Reports — New York Yankees agree with reliever Darren O’Day on 1-year, $2.5 million deal
The deal includes player and club options for 2022 and is subject to a successful physical, according to reports.
O’Day takes the spot vacated when the Yankees traded right-hander Adam Ottavino to Boston on Monday, a move that cut $7.15 million from New York’s payroll. O’Day figures to join left-hander Zack Britton and right-hander Chad Green as the primary setup men for closer Aroldis Chapman.
O’Day, 38, was 4-0 with a 1.10 ERA in 16⅓ innings over 19 games last year with Atlanta, striking out 22 and walking five while allowing eight hits. While his fastball averaged just 86 mph, his low arm angle creates deception; right-handed hitters batted .143 (7-for-49) off him with one home run, by Boston’s Xander Bogaerts, the leadoff batter of O’Day’s final appearance of the season. Left-handed hitters were 1 for 10.
He became a free agent when Atlanta declined a $3.25 million option, triggering a $250,000 buyout.
O’Day is a 13-year major league veteran, going 40-19 with a 2.51 ERA and 600 strikeouts and 158 walks in 576⅔ innings for the Los Angeles Angels (2008), New York Mets (2009), Texas (2009-11), Baltimore (2012-18) and Braves (2019-20).
He was an All-Star in 2015, when he had a 1.52 ERA and six saves while striking out 82 in 65⅓ innings, but he missed the final two months of the 2018 season with a strained left hamstring and the first five months of 2019 with a strained right forearm sustained during spring training.
O’Day made $833,333 in prorated pay last year from a $2.25 million salary, down from a $31 million, four-year contract he signed with Baltimore ahead of the 2016 season. His wife, Elizabeth Prann, is a correspondent for HLN and CNN, formerly of Fox News.
The Associated Press contributed to this report.
George Springer sees echoes of Houston Astros in Toronto Blue Jays’ young core
Springer and the Blue Jays agreed last week to a team-record $150 million, six-year contract. He joined a roster that includes young sluggers Vladimir Guerrero Jr. and Bo Bichette, The three-time All-Star outfielder was 2017 World Series MVP when he played with Jose Altuve, Alex Bregman and Carlos Correa.
“This lineup reminds me a lot of them,” Springer said, wearing a Toronto cap and jersey during a video news conference. “It is a young lineup but it’s a very talented, advanced younger lineup. From everything I’ve seen, they’re very, very ambitious. They want to win, they work hard. That’s awesome to see.”
“I think the young core is very, VERY impressive! Bichette, Biggio, Guerrero, Gurriel…” – George Springer 👀 pic.twitter.com/y8ESk9ehzN
— Toronto Blue Jays (@BlueJays) January 27, 2021
Toronto went 32-28 during the pandemic-shortened 2020 season, finishing third in the AL East behind the Tampa Bay Rays and the New York Yankees and qualifying for the expanded postseason. The Blue Jays were swept in two games during a first-round series by the eventual AL champion Rays.
“I think they’re right there,” Springer said of Toronto. “When you play against this team like I have, you could see the talent, could see the potential in their lineup, in their staff, in their arms. I think this team is built to win, and I think they’re going to be built to win for a long time.”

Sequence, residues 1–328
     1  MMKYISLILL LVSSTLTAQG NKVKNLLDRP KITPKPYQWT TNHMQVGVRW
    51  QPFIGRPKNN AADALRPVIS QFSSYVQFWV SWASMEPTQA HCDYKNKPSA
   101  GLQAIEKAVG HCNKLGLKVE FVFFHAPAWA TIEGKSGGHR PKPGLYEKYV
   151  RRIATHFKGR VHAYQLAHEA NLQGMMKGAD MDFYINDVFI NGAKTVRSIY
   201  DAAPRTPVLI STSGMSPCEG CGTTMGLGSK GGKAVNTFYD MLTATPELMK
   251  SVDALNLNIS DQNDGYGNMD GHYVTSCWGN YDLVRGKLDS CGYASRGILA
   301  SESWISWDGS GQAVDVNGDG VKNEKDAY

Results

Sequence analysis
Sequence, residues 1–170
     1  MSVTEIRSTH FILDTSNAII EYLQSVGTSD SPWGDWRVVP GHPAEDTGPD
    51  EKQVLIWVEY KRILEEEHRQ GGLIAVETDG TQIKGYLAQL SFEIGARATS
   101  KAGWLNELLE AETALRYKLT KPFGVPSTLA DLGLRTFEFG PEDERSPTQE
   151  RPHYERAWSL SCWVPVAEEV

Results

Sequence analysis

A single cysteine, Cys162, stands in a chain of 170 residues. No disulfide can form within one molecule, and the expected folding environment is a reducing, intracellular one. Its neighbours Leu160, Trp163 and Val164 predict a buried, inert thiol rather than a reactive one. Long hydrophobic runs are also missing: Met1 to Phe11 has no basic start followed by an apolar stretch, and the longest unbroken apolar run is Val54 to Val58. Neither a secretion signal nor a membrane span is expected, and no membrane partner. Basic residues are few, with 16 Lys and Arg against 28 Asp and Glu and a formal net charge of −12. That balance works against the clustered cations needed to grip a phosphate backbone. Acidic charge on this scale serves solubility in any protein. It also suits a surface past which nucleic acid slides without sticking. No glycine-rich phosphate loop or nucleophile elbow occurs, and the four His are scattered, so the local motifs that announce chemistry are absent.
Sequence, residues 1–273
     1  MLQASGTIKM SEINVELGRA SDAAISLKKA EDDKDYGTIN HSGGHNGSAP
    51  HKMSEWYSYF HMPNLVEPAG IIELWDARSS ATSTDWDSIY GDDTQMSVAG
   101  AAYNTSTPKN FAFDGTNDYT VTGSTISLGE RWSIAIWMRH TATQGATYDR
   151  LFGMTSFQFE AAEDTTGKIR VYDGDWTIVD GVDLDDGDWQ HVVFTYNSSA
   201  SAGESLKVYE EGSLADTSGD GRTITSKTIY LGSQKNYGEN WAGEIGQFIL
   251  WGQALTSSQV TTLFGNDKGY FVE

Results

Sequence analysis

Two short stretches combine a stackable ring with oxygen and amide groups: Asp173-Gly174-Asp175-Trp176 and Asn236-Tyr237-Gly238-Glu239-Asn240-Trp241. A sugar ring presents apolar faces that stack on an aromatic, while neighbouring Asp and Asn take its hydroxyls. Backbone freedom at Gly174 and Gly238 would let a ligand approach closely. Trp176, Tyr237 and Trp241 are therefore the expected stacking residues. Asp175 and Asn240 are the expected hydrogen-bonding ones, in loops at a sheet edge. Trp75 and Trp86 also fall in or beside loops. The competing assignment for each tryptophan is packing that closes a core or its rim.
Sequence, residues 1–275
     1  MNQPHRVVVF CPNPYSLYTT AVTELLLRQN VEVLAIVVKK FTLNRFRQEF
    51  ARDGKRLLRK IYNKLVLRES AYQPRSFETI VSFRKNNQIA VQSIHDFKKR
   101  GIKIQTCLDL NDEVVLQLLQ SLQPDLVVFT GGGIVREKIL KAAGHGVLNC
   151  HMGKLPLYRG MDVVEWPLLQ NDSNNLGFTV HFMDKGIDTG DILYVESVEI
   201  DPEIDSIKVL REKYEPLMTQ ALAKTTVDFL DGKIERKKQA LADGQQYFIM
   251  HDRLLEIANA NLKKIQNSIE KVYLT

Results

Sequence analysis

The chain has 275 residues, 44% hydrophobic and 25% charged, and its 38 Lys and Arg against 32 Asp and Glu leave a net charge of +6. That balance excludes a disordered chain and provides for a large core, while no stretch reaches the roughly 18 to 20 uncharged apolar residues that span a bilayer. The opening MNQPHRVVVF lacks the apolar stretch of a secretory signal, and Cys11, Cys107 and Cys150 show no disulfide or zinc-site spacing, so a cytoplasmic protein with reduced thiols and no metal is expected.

Team president Mark Shapiro said Springer was “clearly a good fit” for the emerging Blue Jays.
“His experience will add a certain level of wisdom to our players,” Shapiro said. “He’s been places where our guys haven’t been yet and knows how to handle those environments.”
In seven seasons, Springer has a .270 career average with 174 home runs and 458 RBIs, including career bests of .292 with 39 homers and 96 RBIs in 2019.
Besides Springer, Toronto also has signed right-handers Kirby Yates and Tyler Chatwood in the past week. The Blue Jays have a pending $18 million, one-year deal with infielder Marcus Semien, subject to a successful physical.
“We’ve taken the next step and we’ll see where that takes us,” general manager Ross Atkins said.
Shapiro insisted the Blue Jays still have flexibility to add payroll, likely to strengthen the rotation, but said “the bulk of our heavy lifting is done.”
Springer split time between center field and right with the Astros, but is expected to become a fixture in center for the Blue Jays. He’s also likely to lead off Toronto’s batting order.
“It’s no secret that George is a great leadoff hitter,” manager Charlie Montoyo said.
“I’m willing to do whatever it is they want me to do,” Springer said. “I’m here for the team, I’m here to win so whatever they want me to do, I’ll gladly do it.”
Springer said the Blue Jays contacted him early in the free agent process, putting him in “a very good state of mind” right from the first call.
“When you have a young talented group that’s already in place, it’s obviously very, very attractive because you know what they could potentially do,” he said.
Springer’s contract is the second $100 million-plus deal in team history. In December 2006, center fielder Vernon Wells and the Blue Jays agreed to a $126 million, seven-year contract.
Under new owner Steve Cohen, the New York Mets were said to be interested in Springer, but the outfielder wouldn’t address their pursuit.
“This is about the Blue Jays,” Springer said. “I don’t really have anything to say on that matter. I’m extremely happy to be where I am.”
“I talk to Mike as a friend probably every day,” Springer said. “It’s not my business to ask him all that stuff. I was hopeful for it but, ultimately, I’m happy for him.”
New York Mets promote assistant GM Zack Scott to acting GM
NEW YORK — Zack Scott was promoted to acting general manager of the New York Mets on Wednesday, eight days after GM Jared Porter was fired.
Scott was hired as assistant GM on Dec. 23 after 17 seasons with the Boston Red Sox, the last two as assistant GM.
“Zack has plenty of championship experience to draw upon,” Mets president Sandy Alderson said in a statement. “He has been an integral part of our decision-making processes since his arrival. The entire baseball operations staff, including myself, will continue to work collaboratively.”
Scott, 43, oversaw Boston’s analytics along with advance scouting and professional scouting. He joined the team as an intern, became an assistant in 2005, then spent six seasons as assistant director of baseball operations.
A graduate of the University of Vermont with a mathematics degrees, he worked for Diamond Mind Inc. as a developer of baseball simulation software from 2000 to 2003.
Porter was hired by the Mets on Dec. 13 and was fired Jan. 19, nine hours after ESPN reported he sent sexually explicit, uninvited text messages and images to a female reporter in 2016 when he was working for the Chicago Cubs in their front office.